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I don't understand why some people use the percentage syntax a lot in ruby.

For instance, I'm reading through the ruby plugin guide and it uses code such as:

%w{ models controllers }.each do |dir|
  path = File.join(File.dirname(__FILE__), 'app', dir)
  $LOAD_PATH << path
  ActiveSupport::Dependencies.load_paths << path

Every time I see something like this, I have to go and look up the percentage syntax reference because I don't remember what %w means.

Is that syntax really preferable to ["models", "controllers"].each ...?

I think in this latter case it's more clear that I've defined an array of strings, but in the former - especially to someone learning ruby - it doesn't seem as clear, at least for me.

If someone can tell me that I'm missing some key point here then please do, as I'm having a hard time understanding why the percent syntax appears to be preferred by the vast majority of ruby programmers.

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Because the creators of Ruby prefer to have more than one way to do it? – Earlz Feb 14 '10 at 5:51
honestly that seems to be the case with a lot of ruby syntax – brad Feb 14 '10 at 16:43
The edits are an improvement, but some people are still seeing this question as a bit argumentative or subjective. It's possible that a title change to, e.g., "What are the pros and cons of Ruby's general delimited input?", and similar changes to the text, would help to keep the question open. – Wayne Conrad Feb 25 '10 at 15:32
title changed... – brad Feb 25 '10 at 17:21
up vote 15 down vote accepted

One good use for general delimited input (as %w, %r, etc. are called) to avoid having to escape delimiters. This makes it especially good for literals with embedded delimiters. Contrast the regular expression




or the string

  "I thought John's dog was called \"Spot,\" not \"Fido.\""


  %Q{I thought John's dog was called "Spot," not "Fido."}

As you read more Ruby, the meaning of general delimited input (%w, %r, &c.), as well as Ruby's other peculiarities and idioms, will become plain.

I believe that is no accident that Ruby often has several ways to do the same thing. Ruby, like Perl, appears to be a postmodern language: Minimalism is not a core values, but merely one of many competing design forces.

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I suppose the last one was meant to be %Q{...} otherwise it's a regexp. Difference between upper and lower case (%R vs. %r) is only if interpolations are resolved. – hurikhan77 Feb 14 '10 at 15:14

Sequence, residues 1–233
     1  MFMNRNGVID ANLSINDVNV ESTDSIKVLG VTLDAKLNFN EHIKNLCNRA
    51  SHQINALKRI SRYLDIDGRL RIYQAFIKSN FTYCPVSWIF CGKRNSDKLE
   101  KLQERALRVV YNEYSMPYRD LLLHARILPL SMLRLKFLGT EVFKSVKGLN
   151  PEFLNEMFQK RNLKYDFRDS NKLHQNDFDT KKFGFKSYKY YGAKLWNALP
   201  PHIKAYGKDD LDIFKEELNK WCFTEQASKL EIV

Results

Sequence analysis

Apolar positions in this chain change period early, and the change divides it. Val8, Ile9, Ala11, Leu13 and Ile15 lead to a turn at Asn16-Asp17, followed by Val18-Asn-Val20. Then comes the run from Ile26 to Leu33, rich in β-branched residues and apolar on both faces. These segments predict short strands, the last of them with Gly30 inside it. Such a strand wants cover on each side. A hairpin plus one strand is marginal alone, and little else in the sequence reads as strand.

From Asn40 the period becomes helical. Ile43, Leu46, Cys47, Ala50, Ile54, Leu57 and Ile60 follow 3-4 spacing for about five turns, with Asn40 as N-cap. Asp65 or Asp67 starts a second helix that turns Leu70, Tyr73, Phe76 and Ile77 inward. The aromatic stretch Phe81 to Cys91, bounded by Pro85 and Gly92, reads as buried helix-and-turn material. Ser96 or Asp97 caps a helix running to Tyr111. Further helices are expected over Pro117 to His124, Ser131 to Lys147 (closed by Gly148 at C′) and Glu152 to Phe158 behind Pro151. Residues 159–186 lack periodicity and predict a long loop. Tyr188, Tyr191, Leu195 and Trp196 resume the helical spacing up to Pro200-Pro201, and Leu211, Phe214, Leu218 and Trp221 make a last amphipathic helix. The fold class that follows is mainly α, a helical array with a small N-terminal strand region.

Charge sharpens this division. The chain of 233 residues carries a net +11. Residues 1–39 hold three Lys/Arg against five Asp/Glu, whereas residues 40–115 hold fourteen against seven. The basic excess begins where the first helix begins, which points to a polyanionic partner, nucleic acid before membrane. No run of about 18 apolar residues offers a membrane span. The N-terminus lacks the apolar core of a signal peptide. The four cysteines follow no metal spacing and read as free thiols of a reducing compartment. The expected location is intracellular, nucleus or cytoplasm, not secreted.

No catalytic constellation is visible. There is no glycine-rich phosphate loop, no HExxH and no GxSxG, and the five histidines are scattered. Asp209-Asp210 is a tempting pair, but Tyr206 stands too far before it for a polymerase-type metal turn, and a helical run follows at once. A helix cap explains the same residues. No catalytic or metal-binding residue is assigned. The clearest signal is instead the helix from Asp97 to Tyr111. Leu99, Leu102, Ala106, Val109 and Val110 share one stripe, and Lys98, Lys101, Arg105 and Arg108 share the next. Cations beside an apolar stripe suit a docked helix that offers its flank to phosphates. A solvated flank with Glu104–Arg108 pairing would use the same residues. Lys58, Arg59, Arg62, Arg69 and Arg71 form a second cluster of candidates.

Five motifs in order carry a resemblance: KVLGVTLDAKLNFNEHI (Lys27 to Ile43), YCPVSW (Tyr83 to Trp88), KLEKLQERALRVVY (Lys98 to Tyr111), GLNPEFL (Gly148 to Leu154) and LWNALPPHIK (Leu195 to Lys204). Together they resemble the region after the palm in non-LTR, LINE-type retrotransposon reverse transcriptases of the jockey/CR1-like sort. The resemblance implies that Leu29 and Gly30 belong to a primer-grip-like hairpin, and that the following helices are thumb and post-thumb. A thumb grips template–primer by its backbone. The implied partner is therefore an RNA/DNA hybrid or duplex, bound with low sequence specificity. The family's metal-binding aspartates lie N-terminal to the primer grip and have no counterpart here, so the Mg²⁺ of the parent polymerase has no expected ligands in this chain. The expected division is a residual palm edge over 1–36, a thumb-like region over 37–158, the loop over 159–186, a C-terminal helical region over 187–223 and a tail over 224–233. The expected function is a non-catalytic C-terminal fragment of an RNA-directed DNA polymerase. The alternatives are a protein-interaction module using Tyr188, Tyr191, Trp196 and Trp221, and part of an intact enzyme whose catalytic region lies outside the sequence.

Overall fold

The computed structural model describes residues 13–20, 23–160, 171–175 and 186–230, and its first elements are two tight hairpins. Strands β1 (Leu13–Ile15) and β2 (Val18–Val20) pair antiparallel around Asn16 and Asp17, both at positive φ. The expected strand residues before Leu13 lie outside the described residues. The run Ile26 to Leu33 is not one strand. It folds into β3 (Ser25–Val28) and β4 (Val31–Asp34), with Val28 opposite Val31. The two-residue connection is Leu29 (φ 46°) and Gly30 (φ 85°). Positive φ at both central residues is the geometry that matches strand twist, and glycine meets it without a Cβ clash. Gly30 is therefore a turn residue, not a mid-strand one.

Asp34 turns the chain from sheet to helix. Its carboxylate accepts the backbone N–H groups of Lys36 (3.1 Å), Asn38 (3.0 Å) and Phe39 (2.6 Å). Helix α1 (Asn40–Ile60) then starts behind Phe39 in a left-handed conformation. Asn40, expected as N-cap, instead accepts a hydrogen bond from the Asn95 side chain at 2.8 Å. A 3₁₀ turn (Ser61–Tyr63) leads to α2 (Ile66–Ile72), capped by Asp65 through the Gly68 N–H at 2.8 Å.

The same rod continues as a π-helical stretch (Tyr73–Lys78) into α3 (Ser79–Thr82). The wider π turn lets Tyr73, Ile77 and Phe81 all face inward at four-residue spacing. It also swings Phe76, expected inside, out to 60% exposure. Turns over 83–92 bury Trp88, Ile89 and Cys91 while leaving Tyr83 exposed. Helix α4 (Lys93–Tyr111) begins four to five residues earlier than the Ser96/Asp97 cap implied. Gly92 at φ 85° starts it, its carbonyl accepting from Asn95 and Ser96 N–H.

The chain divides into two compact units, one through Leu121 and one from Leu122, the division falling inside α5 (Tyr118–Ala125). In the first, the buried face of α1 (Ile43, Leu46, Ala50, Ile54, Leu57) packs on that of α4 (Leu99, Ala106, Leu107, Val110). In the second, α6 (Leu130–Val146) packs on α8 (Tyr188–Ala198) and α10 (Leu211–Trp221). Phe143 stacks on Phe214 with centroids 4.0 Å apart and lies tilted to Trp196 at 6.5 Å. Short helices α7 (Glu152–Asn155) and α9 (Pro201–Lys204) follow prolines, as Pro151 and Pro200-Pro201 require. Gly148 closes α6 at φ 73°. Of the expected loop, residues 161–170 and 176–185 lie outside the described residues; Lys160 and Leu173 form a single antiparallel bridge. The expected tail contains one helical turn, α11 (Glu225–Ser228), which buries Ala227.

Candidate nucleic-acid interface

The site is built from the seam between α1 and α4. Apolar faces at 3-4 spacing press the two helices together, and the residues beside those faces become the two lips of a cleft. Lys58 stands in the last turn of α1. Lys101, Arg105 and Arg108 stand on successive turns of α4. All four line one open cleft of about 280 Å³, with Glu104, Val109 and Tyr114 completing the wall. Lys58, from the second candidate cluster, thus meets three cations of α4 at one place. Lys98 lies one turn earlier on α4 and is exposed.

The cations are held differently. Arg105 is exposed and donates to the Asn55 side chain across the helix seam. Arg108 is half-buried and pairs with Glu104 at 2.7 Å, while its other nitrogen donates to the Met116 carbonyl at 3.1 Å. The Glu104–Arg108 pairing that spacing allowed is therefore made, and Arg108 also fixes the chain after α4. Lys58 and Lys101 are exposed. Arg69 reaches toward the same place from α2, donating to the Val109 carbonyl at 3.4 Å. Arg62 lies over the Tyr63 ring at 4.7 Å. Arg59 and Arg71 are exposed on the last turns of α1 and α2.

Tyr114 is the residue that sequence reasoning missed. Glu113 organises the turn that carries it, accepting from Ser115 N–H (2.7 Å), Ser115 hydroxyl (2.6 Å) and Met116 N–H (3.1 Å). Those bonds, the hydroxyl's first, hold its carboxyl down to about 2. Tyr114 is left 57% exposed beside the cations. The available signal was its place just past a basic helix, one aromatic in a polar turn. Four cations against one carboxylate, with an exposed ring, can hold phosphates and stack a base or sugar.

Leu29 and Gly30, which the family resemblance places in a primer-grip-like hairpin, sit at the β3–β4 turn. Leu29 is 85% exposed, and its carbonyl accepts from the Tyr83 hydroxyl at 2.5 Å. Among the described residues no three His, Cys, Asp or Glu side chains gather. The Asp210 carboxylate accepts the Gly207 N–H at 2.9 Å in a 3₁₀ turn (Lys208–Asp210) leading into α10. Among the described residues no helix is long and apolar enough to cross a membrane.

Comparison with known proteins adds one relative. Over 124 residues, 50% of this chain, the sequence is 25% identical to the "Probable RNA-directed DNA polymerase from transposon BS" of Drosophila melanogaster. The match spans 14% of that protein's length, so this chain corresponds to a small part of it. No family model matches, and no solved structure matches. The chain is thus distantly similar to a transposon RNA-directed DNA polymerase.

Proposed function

@hurikhan77, yes, that's what I meant. Lizard brain, the creature of habit that it is, typed %R when I wasn't looking. Thank you for catching that. – Wayne Conrad Feb 14 '10 at 15:38

It's easy to remember: %w{} is for "words", %r{} for regexps, %q{} for "quotes", and so on... It's pretty easy once you build such memory aids.

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As the size of the array grows, the %w syntax saves more and more keystrokes by not making you type in all the quotes and commas. At least that's the reason given in Learning Ruby.

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It's also useful to avoid escaping " in strings. – kejadlen Feb 14 '10 at 6:11
Saving the keystrokes is irrelevant. Code only gets written once, anyway. It is, however, read many times and that's where reducing visual clutter really shines. – Jörg W Mittag Feb 14 '10 at 10:23
@Jorg: One of Ruby's priorities is developer happiness/productivity. Saving unnecessary keystrokes is definitely up there on the list. – rfunduk Feb 14 '10 at 15:46
I have to agree with Jorg, I think saving keystrokes is probably the worst reasons for doing something such as this. I don't however think strings in an array are visually cluttered. I can definitely see the use for regex and escaping quotes, but straight up strings? seems a bit overkill. – brad Feb 14 '10 at 16:54
In this case saving keystrokes and reducing visual clutter are both achieved by the same mechanism, so does it really matter? The result is fewer characters on the screen, whether you're typing or reading makes little difference. – Bill the Lizard Feb 14 '10 at 17:40

The %w syntax shaves 3 characters off each item in the list... can't beat that!

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